Hospital giant HCA Healthcare is deploying artificial intelligence-enabled medical dictation software in a partnership with healthcare tech company Augmedix, the two organizations said Thursday.
The Nashville, Tennessee-based HCA Healthcare will add dictation software for its acute care clinicians. The AI solution will convert clinician-patient conversations into medical notes that physicians and nurses can review before they’re transferred in real time to the electronic health record system.
In addition to this collaboration, Augmedix raised $12 million of equity from HCA Healthcare and institutional healthcare investor Redmile Group at $1.60 per share through the issuance of a combination of new common shares and pre-funded warrants. Augmedix, which posted a net loss of $24.4 million in 2022, said this equity raise will help it reach cash flow sustainability.
Shares of Augmedix were trading at $3.10 per share on Thursday afternoon, an increase of 70% from $1.80 at the close of day Wednesday.
The partnership is unique for Augmedix, which went public in 2021. Its previous work focused on ambulatory care, said Ian Shakil, founder and chief strategy officer at Augmedix..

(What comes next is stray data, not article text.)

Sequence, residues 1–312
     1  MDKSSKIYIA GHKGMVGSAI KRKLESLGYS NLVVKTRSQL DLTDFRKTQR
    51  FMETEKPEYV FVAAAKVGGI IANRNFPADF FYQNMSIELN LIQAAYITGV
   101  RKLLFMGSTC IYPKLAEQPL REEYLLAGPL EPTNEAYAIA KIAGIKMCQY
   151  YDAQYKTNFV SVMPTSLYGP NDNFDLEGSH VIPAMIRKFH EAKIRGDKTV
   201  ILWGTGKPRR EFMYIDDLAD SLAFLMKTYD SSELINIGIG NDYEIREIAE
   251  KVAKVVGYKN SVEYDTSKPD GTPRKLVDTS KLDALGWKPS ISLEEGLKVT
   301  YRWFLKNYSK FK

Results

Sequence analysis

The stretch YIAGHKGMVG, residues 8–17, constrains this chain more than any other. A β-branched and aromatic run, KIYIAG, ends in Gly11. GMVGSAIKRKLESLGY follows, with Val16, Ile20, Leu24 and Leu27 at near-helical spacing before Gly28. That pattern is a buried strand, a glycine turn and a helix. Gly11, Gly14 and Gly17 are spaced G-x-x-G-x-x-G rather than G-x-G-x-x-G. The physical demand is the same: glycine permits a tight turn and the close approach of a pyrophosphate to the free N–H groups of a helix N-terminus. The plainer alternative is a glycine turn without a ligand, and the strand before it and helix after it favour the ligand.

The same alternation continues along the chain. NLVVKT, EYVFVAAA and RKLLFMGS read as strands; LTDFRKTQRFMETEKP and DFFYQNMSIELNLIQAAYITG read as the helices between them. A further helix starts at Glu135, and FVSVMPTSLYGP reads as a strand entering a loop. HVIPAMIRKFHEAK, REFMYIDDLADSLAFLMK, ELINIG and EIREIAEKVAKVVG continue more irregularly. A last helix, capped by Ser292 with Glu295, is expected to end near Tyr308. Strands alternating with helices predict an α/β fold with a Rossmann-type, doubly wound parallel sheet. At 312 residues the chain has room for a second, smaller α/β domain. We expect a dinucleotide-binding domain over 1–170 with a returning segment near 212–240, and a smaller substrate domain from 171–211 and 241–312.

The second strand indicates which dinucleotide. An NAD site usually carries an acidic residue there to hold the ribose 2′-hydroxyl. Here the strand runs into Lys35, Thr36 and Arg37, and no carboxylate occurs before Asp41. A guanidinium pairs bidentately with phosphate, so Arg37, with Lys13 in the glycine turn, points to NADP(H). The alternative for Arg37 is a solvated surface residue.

“Prior to HCA, we really hadn’t been in the hospital world,” Shakil said. “That creates a whole new slew of technical requirements to be at emergency department grade from a timing point of view. Also, the notes are fundamentally different.”
According to Shakil, the company used some of Google’s natural language processing artificial intelligence models to create this solution. He said its partnership with Google made it possible to work with HCA.
While many providers are hesitant to partner with vendors outside of their EHR, Shakil said clinical documentation software solutions could buck those broader trends. These technologies naturally integrate into the EHR and clinician workflows, he said. Additionally, it was not an area many EHR vendors have shown an interest in developing.
“[There are] such high capital requirements to build this type of business and it’s so complex,” Shakil said. “These are areas where the EHR companies are kind of creating ecosystems and allowing multiple winners to exist because they really don’t have best of breed solutions.”
An AI arms race in the clinical documentation space may be heating up. Nuance Communications, an Augmedix competitor owned by Microsoft, said last month it was adding OpenAI’s ChatGPT successor GPT-4 to its latest application.
The application called Dragon Ambient eXperience Express can summarize and enter conversations between clinicians and patients directly into electronic health record systems using OpenAI’s GPT-4 generative AI capabilities.